High-intensity interval training produces results with a lesser time commitment than a lower-intensity exercise approach like walking. Similarly, you will get more out of your strategic thinking if you concentrate exclusively on strategic thinking. Move yourself out of the way of possible distractions. Silence your phone. Put a “do not disturb” sign on your office door. Get out of the office for a walk, a cup of coffee at a quiet coffee shop, or an undisturbed moment on a bench in a park. Make your limited time count.
5. Work out with a Friend
Working out with a friend increases accountability and often encourages us to push ourselves harder. Strategic thinking also improves when others are involved. Adding additional minds allows participants to build on the ideas of others, generating new ideas more quickly.
Involve others by setting aside time for a broader team to participate in the planning process. In an organization with paid staff, this may include retreat time for the entire staff, the management team, the executive team, and/or members of the board. In an all-volunteer organization, use thought topics during board meetings and periodic retreats to examine trends and other strategic issues.
You can also make time for strategic thinking outside of your organization. Some organizations have informal strategic thinking retreats on a periodic basis with other organizations of a similar size or in the same sector. These can be facilitated by a third party or by members of the group on a rotating basis.
6. Join a Club
Joining a health club offers struggling exercisers three motivations to make time for exercise. First, the equipment is there and ready to go. Second, some will find the social aspect of exercise appealing. Third, most people will feel guilty about not going to a gym when they are paying for it every month.
If you want to make time for strategic planning, joining other types of clubs offers similar benefits. For example, joining a CEO roundtable offers peer encouragement and accountability, a facilitator who brings ideas and speakers to the table, and the attendance inducement of a financial commitment.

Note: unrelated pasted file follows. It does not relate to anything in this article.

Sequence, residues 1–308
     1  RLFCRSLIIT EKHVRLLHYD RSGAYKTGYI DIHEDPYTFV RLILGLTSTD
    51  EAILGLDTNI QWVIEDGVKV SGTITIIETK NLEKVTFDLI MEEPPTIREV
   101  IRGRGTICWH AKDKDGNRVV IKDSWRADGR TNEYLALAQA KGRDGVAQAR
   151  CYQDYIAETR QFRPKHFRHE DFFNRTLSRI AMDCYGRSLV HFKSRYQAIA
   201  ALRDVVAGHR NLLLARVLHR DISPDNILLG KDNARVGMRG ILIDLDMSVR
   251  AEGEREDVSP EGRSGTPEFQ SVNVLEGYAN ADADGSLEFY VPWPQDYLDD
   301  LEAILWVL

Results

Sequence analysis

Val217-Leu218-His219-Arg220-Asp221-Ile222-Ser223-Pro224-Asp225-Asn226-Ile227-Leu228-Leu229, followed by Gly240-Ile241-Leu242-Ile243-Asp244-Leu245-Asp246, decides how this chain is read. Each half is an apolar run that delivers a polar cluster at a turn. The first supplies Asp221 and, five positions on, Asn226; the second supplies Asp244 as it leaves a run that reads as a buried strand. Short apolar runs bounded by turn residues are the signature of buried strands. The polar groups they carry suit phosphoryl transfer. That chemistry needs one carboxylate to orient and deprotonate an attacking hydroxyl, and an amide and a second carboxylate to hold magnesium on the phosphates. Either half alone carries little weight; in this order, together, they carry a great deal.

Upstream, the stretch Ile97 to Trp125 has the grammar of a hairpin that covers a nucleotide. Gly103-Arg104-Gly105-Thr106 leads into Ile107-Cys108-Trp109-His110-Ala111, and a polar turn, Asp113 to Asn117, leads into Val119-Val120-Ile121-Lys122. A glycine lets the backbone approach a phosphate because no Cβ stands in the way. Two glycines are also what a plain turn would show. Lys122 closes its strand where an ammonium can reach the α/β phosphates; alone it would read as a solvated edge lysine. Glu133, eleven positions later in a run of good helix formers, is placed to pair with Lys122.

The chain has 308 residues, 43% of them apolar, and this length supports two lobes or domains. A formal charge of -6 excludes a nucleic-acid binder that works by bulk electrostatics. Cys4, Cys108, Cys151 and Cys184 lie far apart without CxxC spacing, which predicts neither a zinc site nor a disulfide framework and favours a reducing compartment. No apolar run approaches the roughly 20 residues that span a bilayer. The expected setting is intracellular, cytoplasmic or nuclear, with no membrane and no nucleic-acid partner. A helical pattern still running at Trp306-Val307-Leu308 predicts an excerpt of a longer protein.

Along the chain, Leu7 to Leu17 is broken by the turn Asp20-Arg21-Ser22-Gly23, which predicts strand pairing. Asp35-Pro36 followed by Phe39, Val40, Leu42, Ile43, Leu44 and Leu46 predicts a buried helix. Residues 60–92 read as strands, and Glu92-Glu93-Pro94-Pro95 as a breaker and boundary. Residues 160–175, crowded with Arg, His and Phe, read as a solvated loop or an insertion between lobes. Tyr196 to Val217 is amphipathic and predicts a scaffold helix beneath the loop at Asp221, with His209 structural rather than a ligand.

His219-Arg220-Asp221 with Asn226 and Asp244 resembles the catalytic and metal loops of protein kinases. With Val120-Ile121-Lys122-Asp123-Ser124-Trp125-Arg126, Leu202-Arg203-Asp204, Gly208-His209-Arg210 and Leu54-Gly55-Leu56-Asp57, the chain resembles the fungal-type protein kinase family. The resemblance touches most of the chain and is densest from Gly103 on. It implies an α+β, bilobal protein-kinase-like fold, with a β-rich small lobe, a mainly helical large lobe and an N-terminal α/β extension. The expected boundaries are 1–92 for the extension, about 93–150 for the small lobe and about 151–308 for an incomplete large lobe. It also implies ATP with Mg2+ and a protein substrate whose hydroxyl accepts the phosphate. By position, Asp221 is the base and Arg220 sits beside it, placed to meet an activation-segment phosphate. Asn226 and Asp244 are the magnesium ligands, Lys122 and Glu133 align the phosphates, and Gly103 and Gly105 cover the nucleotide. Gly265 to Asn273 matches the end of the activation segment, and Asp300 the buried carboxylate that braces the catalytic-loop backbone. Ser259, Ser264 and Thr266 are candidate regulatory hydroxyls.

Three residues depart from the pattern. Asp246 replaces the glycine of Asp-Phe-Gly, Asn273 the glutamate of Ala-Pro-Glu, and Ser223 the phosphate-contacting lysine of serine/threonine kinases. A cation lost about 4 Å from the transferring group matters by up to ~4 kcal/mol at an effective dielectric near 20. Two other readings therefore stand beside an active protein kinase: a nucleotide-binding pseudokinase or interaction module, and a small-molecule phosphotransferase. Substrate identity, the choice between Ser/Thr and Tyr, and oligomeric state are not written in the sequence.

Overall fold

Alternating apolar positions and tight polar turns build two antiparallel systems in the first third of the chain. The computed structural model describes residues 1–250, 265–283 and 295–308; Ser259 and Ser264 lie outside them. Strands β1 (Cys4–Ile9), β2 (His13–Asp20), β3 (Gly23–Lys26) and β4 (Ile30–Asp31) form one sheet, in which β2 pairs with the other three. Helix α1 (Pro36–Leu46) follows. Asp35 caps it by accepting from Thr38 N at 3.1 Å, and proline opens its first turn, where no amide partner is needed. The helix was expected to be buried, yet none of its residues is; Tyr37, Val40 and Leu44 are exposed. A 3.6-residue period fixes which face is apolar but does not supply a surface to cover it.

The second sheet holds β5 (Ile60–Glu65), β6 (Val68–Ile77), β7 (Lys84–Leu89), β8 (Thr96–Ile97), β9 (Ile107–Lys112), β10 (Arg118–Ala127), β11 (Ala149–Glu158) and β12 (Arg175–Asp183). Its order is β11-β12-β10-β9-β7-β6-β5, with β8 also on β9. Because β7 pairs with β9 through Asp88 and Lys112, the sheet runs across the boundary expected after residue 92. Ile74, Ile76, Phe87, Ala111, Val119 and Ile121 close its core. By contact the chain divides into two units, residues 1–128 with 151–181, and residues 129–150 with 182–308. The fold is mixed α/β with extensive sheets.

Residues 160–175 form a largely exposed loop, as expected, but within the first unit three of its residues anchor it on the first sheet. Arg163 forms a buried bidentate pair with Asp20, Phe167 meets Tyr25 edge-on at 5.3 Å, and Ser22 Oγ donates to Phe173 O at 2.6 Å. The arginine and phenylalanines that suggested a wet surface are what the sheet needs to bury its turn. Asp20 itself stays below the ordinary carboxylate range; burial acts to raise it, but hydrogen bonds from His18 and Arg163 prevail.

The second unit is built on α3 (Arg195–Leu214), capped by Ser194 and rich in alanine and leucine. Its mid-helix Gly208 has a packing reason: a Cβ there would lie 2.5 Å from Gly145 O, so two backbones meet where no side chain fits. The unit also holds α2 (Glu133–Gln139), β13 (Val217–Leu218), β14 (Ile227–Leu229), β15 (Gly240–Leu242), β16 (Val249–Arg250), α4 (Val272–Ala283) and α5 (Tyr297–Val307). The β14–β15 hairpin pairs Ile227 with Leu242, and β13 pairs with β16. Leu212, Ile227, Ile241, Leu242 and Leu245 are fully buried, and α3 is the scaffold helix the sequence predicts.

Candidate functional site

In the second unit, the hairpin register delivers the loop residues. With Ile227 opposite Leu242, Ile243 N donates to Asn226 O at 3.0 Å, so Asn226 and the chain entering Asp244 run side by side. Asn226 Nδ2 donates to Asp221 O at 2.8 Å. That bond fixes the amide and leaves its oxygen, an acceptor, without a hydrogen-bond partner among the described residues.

Joining a civic organization, such as Rotary, offers to the chance to connect with others outside your sector, learn about trends across industries, and become inspired by speakers at meetings.
7. Hire a Trainer
If you are really trying to turn your exercise habits around, you can hire a trainer to help. Using an expert helps hold you accountable, gives you access to knowledgeable counsel, and has that same financial obligation that many find motivating. This same approach works well for strategic planning.
You can hire an executive coach to help guide you through the process, prompt discussions, and hold you accountable. You can also hire a facilitator to help your organization work through strategic thinking in preparation for strategic planning. S/he may also be able to help you develop a culture that appreciates and encourages setting time aside to think strategically on a routine basis.
You might also consider hiring a Chief Strategy Officer or a Chief Revenue Officer, either on a short-term contract basis or as a full-time employee. This individual is responsible for monitoring trends and the competitive environment, keeping the executive team up to speed on issues impacting the organization, managing strategic planning processes, and holding the team accountable. In many respects, this individual functions in much the same way an external consultant might, but is a committed member of the non-profit’s executive team.
If you are looking for a Chief Strategy Officer, Chief Revenue Officer, coach, or facilitator for a non-profit organization hoping to improve its strategic thinking, please reach out to me. I would be happy to help you with your search.
Have you successfully added more strategic thinking to your schedule? Please help other non-profits figure out how to do so by adding a comment to this article.
If you like what I’ve written, please consider sharing it with friends – and be sure to subscribe to my e-newsletter. I’ll send you a monthly summary of article I write that will improve your organization’s ability to effectively plan for the future.